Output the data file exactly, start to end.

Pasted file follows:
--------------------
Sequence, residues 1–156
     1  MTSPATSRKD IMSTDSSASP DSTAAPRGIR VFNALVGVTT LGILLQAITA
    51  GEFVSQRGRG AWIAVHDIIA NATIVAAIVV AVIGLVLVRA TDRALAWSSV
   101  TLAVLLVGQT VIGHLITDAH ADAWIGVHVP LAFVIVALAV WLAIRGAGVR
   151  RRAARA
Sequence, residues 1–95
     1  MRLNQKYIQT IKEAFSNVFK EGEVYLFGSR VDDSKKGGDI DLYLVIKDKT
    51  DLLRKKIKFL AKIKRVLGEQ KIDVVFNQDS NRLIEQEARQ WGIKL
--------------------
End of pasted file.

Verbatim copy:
Sequence, residues 1–156
     1  MTSPATSRKD IMSTDSSASP DSTAAPRGIR VFNALVGVTT LGILLQAITA
    51  GEFVSQRGRG AWIAVHDIIA NATIVAAIVV AVIGLVLVRA TDRALAWSSV
   101  TLAVLLVGQT VIGHLITDAH ADAWIGVHVP LAFVIVALAV WLAIRGAGVR
   151  RRAARA
Sequence, residues 1–95
     1  MRLNQKYIQT IKEAFSNVFK EGEVYLFGSR VDDSKKGGDI DLYLVIKDKT
    51  DLLRKKIKFL AKIKRVLGEQ KIDVVFNQDS NRLIEQEARQ WGIKL